7 Things Inspired People Do Differently
Hi! I'm Stella
You can't wait for inspiration. You have to go after it with a club. – Jack London
Inspiration sneaks up on us, and, like lightning, like a lightbulb, like a dream, like an anvil, like a summer rain shower, it awakens us to some new possibility and galvanizes us into action. Well, some of us, at least. And, while you may not be able to club inspiration into submission, there are insights to be gleaned from those of us who easily experience inspiration.
What makes them different?
1. They are more open to experience. They tend to have active imaginations, be sensitive to aesthetics, attentive to their feelings, highly curious, and drawn toward novelty. Thus, they are open to being inspired, when inspiration comes a-knocking. Along these lines, they also tend to be high in positive emotion, which broadens their attention, probably helping them to recognize inspiration. Lucky for them, positive emotion also comes as a product of being inspired, so they just get to keep on being inspired.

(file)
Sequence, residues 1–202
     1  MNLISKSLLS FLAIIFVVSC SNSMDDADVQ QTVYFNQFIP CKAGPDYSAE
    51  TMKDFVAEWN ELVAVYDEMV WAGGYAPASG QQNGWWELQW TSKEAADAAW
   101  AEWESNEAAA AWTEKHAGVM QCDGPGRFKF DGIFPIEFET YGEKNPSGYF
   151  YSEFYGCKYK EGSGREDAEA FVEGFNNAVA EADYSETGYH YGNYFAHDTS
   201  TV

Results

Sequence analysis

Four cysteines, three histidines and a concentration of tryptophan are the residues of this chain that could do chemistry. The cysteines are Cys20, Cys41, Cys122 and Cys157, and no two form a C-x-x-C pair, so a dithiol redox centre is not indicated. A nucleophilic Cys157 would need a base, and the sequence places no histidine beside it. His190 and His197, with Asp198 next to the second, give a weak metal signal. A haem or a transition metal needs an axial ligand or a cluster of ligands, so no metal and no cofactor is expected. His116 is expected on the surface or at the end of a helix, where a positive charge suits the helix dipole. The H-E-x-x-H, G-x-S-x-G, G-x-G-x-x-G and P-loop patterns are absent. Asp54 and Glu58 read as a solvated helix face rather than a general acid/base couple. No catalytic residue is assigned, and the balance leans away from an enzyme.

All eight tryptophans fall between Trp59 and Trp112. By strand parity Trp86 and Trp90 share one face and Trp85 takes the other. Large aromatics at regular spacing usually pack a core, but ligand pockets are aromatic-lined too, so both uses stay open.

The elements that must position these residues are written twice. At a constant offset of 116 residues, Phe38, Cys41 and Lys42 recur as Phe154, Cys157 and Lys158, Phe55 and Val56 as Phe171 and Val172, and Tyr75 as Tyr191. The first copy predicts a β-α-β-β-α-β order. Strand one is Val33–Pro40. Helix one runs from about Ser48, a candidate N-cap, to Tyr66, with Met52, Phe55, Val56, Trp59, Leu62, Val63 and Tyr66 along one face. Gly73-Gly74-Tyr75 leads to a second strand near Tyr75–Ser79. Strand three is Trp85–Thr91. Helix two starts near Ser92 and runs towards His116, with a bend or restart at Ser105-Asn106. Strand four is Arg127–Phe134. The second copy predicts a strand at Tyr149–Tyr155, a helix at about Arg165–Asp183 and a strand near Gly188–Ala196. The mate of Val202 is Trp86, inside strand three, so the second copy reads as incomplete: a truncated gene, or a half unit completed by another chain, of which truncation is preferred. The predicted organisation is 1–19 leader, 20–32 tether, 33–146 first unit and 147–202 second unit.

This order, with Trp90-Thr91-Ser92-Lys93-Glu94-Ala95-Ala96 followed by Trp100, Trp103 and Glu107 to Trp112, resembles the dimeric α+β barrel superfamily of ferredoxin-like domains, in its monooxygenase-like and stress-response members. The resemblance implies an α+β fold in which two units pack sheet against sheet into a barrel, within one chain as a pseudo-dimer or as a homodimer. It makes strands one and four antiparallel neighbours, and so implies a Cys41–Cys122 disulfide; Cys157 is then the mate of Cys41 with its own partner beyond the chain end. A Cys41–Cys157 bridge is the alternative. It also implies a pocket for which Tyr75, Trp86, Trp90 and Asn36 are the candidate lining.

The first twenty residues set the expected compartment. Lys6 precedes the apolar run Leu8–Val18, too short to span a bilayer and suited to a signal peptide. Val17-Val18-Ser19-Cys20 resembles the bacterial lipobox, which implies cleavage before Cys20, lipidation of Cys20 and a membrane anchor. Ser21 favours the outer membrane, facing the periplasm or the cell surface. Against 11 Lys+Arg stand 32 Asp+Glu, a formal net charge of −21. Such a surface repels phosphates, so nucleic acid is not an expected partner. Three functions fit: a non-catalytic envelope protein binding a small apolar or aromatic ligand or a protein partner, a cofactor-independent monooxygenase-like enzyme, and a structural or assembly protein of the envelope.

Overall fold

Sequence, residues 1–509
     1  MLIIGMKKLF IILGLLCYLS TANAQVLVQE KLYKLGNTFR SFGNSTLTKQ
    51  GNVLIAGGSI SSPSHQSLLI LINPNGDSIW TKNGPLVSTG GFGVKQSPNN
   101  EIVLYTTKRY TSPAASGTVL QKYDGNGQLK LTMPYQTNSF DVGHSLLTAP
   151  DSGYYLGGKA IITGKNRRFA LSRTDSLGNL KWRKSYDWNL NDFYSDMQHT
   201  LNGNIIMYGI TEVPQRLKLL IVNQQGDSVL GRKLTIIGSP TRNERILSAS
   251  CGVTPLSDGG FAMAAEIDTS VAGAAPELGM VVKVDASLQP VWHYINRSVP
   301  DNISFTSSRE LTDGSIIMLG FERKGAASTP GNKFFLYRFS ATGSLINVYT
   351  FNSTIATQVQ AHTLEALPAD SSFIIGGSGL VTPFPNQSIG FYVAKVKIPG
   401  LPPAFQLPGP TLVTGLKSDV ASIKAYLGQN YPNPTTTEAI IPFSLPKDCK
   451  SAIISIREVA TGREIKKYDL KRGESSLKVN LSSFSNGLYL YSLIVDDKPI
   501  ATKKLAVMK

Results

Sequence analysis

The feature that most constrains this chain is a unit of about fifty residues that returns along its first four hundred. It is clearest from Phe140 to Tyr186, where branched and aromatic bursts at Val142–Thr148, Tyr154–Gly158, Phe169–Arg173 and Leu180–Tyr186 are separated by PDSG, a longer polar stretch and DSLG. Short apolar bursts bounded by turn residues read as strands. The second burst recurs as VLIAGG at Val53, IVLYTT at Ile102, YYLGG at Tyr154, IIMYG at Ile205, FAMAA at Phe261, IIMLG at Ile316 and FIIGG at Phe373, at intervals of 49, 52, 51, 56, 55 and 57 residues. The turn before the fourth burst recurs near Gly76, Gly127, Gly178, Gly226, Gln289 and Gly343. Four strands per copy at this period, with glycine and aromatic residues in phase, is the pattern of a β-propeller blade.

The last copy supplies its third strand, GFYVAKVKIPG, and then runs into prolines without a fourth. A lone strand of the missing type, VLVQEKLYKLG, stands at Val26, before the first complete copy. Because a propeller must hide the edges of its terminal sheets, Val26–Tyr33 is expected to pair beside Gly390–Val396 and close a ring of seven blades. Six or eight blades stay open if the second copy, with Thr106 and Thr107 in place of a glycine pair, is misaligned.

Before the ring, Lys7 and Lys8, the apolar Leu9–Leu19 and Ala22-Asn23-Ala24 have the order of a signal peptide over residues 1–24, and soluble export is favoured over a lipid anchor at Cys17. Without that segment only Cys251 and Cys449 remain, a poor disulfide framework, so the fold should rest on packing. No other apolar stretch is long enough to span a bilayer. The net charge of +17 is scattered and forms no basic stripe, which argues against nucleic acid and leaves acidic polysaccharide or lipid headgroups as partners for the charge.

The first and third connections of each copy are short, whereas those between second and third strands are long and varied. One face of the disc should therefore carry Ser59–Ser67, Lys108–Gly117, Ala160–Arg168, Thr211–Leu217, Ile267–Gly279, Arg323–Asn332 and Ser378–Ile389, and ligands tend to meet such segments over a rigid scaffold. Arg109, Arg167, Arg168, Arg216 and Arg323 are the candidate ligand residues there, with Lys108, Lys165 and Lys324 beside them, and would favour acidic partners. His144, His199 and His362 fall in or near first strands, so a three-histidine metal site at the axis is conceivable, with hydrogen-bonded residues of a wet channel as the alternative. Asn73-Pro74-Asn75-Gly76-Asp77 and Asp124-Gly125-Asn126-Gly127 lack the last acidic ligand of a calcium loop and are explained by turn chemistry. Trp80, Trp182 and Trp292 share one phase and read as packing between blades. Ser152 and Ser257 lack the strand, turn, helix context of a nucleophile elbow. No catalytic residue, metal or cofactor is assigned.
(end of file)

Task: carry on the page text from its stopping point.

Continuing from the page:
2. They have a stronger need for mastery in their work. As your grandma always said, while you practiced the organ piece from The Goonies, luck favors the prepared. And so does inspiration. If you suddenly realize the key to cold fusion, it probably helps to know something about nuclear chemistry so that you can make your idea happen. It also makes sense statistically that the more you practice your craft (writing, composing, painting, cobbling, etc.), the more likely something inspired will come out of it, just because there are more chances.
3. More inspired people are less competitive, and more absorbed in their work. Inspiration moves your attention to a more transcendent place, so that you’re not so concerned with the little things, and you’re also less likely to compare yourself – you’ll just be busy making your vision happen. Accordingly, highly-inspired folks are also more intrinsically motivated and less extrinsically motivated, meaning that they are fueled more by interest and enjoyment than by obligation, money, reputation, or competition.